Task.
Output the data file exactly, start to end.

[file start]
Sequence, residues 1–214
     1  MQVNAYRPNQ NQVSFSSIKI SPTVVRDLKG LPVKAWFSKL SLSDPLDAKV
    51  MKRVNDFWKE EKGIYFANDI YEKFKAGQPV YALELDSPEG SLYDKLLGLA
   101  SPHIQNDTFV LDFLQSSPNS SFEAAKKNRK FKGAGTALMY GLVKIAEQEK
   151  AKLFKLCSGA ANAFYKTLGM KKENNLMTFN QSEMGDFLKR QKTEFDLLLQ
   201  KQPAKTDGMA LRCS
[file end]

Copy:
Sequence, residues 1–214
     1  MQVNAYRPNQ NQVSFSSIKI SPTVVRDLKG LPVKAWFSKL SLSDPLDAKV
    51  MKRVNDFWKE EKGIYFANDI YEKFKAGQPV YALELDSPEG SLYDKLLGLA
   101  SPHIQNDTFV LDFLQSSPNS SFEAAKKNRK FKGAGTALMY GLVKIAEQEK
   151  AKLFKLCSGA ANAFYKTLGM KKENNLMTFN QSEMGDFLKR QKTEFDLLLQ
   201  KQPAKTDGMA LRCS